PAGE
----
I find that in Sweden there is a culture of “being the best,” which is not meant to be elitist but instead focuses on quality. From a fashion and design point of view, this often translates into brands – H&M and Ikea aside – not wanting to necessarily be the biggest or most profitable, but simply being the best at what they do. Read more » >>
Monthly archives: November 2011
Swedish fashion may be “trendy” at the moment, but I would hesitate to call it “trend-lead,” at least in the traditional high-fashion sense. Let me explain: while most magazines often advocate certain trends in the form of items of clothing (this season: Polonecks! Pencil skirts! Posh parkas!) or themes (Fetish! 60s! 40s!), chances are you won’t be able to discern them amongst Swedes. Why? Because they tend to come up with their own locally accepted trends. Read more » >>
Although it’s apparently been unseasonably warm for November, with the clocks turning back last week and the country plunged into darkness by 4 p.m. (for the time being) winter is nigh. Like you didn’t already know, but sub-sub-sub-zero temperatures, Arctic winds, metres of snow and tonnes of nasty brown grit depressingly await us. Hoo…ray.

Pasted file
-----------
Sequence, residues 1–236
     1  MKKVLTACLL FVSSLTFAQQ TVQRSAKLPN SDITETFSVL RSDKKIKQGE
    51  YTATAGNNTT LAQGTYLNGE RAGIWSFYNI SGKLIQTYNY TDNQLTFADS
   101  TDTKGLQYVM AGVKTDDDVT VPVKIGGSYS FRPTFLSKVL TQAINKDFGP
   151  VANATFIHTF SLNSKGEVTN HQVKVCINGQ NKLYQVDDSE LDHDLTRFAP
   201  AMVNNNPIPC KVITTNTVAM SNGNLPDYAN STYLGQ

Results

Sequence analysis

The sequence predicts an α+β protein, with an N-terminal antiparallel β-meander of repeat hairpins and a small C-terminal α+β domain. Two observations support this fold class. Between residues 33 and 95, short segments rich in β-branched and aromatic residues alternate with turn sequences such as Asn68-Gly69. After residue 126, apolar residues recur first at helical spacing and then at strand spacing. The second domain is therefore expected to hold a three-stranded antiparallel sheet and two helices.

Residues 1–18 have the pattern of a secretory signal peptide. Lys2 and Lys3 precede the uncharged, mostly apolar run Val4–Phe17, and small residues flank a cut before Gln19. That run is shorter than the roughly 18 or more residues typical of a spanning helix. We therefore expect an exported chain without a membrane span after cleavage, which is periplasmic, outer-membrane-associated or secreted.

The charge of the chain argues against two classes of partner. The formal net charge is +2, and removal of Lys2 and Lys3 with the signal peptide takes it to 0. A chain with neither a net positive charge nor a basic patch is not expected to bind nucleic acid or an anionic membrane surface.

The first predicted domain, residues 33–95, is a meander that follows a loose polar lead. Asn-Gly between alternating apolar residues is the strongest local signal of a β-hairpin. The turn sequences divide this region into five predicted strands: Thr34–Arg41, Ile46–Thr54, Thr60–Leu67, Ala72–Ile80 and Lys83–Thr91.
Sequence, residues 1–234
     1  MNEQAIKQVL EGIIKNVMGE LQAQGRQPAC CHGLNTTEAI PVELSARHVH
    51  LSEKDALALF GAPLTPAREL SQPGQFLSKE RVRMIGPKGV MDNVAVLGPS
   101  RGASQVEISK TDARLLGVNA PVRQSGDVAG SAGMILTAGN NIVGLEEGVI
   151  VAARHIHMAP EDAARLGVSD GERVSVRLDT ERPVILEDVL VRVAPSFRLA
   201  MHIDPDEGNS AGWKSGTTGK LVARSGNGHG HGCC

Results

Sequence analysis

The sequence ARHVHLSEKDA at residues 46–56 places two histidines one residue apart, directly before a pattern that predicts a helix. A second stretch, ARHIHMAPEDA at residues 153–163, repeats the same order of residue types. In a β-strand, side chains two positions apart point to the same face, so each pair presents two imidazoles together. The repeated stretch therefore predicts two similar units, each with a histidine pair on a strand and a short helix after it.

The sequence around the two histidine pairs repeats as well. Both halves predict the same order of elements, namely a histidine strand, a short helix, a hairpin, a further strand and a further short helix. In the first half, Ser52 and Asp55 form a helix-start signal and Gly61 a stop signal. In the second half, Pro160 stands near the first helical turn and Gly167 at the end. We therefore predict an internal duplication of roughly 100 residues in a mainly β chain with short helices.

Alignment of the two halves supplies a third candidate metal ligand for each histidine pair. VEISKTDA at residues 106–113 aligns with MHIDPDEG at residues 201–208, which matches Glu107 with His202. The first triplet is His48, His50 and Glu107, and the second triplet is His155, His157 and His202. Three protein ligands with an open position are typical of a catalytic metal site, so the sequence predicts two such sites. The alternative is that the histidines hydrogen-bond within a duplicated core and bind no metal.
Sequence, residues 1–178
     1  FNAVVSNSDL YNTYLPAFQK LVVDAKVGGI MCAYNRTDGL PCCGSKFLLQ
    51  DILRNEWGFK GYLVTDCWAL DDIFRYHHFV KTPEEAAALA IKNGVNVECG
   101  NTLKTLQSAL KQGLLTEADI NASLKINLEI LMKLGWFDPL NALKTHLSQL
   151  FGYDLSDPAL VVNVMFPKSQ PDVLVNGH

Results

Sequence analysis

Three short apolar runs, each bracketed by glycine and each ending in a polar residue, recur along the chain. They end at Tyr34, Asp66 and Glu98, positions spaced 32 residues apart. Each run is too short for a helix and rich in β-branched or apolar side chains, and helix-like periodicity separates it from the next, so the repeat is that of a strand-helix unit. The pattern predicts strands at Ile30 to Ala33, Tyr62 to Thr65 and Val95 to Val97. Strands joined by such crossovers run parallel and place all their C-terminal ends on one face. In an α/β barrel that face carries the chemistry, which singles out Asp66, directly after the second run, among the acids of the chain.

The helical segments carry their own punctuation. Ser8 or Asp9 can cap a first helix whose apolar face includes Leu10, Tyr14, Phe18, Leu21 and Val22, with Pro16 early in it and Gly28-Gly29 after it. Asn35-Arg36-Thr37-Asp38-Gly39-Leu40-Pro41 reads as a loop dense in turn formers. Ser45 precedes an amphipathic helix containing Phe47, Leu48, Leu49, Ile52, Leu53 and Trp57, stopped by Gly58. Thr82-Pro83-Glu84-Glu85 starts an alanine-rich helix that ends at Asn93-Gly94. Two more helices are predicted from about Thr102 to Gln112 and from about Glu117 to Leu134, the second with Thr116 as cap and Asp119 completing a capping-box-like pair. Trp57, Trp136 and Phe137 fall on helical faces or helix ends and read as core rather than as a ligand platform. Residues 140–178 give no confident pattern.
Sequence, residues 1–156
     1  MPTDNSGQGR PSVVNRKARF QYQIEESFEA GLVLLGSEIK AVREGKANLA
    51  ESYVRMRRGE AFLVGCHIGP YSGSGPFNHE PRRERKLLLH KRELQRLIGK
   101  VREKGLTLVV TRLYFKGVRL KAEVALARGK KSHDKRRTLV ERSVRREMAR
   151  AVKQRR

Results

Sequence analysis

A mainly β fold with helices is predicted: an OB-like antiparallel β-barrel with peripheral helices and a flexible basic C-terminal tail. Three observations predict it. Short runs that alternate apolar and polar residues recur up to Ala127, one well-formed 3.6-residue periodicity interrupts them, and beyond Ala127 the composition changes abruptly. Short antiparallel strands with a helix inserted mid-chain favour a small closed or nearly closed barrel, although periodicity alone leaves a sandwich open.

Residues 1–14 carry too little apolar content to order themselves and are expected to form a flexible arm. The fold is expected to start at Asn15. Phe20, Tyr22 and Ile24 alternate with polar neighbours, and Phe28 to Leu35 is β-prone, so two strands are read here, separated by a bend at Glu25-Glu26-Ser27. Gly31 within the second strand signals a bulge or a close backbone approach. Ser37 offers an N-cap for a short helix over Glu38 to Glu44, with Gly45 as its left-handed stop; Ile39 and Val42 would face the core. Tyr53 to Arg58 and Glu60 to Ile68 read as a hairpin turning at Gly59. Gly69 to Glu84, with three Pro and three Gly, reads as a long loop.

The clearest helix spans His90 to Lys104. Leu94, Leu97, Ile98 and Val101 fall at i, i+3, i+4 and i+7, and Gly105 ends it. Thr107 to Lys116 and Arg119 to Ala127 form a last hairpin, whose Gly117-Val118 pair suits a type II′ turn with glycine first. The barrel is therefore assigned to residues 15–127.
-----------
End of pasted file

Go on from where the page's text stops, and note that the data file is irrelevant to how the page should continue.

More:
I trust, however, that I’m not the only one who also dreads winter in Sweden for its exceptional sartorial challenges. For example:
- How does one stay stylish at -20˚C when you abhor down jackets?
- Gloves or mittens?
- How do you avoid “hat head”?
- Can giant insulated boots really be the only option? Read more » >>
It’s no secret that Swedes enjoy a very high standard of living. They are often held up as examples of well-educated, well-adjusted and insanely healthy people, and as a result local brands are eager to tap into this notion in order to sell the “Swedish-ness” of their products. In other words, they are selling the lifestyle of Swedes. Read more » >>